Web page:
Abstract:
Supersparse algorithms (see the talks by Gilbert,
Tropp, Zou on Tuesday in this workshop) rely on
randomness, both in the construction of the
"measurement matrix" and in the algorithm that
reconstructs the sparse underlying vector from the
measurements, and they prove that the desired sparse
decomposition or approximation is obtained with high
probability. Donoho, Candés & Tao, Rudelson &
Vershynin (see the talks on Monday in this workshop)
have shown that when l^{1}minimization algorithms are
used (which are not super fast), the measurement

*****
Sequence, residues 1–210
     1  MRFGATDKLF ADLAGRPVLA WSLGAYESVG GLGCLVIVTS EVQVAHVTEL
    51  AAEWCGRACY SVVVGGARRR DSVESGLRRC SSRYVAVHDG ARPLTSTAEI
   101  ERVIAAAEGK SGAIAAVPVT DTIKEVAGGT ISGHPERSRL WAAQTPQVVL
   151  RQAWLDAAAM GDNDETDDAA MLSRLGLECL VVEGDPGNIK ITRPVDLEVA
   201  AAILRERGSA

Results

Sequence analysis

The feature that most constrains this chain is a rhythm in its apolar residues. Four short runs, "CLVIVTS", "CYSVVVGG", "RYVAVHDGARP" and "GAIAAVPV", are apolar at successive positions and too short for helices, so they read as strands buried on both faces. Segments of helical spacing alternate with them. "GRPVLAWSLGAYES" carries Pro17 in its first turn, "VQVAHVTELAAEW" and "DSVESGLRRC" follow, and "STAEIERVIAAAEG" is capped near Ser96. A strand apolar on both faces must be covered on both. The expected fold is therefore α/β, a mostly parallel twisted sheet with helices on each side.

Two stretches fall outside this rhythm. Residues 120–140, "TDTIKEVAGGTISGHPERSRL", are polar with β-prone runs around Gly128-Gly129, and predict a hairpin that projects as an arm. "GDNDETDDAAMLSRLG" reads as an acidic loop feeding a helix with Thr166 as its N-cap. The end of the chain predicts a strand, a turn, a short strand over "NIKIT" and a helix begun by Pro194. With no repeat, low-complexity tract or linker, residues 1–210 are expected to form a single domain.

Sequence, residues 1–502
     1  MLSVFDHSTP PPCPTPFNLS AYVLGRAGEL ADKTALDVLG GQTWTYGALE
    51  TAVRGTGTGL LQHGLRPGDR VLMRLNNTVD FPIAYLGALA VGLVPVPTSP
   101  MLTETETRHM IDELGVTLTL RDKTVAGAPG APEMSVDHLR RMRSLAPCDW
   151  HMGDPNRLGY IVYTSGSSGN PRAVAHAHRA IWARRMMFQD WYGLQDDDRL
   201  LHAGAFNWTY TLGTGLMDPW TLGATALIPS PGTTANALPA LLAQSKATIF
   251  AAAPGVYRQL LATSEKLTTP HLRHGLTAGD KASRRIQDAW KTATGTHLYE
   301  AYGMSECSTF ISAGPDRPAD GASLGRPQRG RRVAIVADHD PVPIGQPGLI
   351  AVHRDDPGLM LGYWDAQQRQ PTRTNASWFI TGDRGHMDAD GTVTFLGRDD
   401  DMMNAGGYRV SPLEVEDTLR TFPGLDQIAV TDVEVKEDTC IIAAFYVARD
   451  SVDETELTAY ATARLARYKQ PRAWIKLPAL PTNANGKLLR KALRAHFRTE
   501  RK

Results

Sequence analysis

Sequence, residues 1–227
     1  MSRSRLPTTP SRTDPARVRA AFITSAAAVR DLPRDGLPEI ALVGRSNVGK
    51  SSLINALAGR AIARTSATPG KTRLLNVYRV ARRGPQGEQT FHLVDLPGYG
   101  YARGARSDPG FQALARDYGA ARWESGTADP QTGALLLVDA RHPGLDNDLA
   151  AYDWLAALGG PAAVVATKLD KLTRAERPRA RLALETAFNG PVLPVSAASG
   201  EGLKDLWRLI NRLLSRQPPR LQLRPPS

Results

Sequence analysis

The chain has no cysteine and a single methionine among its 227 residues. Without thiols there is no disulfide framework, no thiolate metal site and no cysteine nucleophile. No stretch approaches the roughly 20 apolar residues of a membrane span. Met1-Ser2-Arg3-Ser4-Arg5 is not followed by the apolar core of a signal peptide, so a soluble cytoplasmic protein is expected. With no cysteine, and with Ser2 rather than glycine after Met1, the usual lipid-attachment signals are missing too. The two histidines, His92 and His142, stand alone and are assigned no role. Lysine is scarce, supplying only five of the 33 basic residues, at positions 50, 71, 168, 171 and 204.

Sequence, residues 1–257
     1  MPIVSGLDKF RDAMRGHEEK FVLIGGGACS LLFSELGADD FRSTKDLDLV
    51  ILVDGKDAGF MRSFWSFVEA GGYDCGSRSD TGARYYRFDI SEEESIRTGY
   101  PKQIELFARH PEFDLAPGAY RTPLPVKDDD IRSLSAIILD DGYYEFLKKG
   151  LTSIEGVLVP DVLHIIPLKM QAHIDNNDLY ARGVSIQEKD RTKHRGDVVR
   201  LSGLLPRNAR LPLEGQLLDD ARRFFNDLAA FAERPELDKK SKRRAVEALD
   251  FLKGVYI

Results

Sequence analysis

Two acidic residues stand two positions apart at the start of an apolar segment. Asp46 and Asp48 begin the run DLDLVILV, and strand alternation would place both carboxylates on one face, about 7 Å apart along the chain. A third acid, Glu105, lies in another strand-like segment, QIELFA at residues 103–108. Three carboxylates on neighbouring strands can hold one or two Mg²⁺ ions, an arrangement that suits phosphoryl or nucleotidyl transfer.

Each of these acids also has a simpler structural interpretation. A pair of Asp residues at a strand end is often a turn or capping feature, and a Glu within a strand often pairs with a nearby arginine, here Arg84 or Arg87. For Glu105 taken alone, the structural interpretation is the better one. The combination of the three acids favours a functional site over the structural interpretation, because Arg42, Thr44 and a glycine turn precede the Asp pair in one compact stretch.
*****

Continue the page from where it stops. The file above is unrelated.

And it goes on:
matrix need not be random: they prove that there
exist (increasingly
frequently among random choices as the dimension N
increases) K x N matrices H, with K < N, such that
arbitrary Msparse vectors v (i.e. v Є C^{N} or R^{N},
with #{n;v_{n}≠ 0} ≤ M; M < K, with typically K = O(M
logN)) can be recovered completely from y = H_{v} by
l^{1}  minimization: v = argmin_{u}{║u
║_{l¹};H_{u} = y_{ }}.
However, so far no explicit constructions of such
matrices H are known  the existence arguments are
probabilistic.
In this talk two different approaches will be
sketched that construct explicit measurement
matrices H, using results and techniques from coding
theory. The recovery algorithms are not l^{1}based.
[LECTURE SLIDES]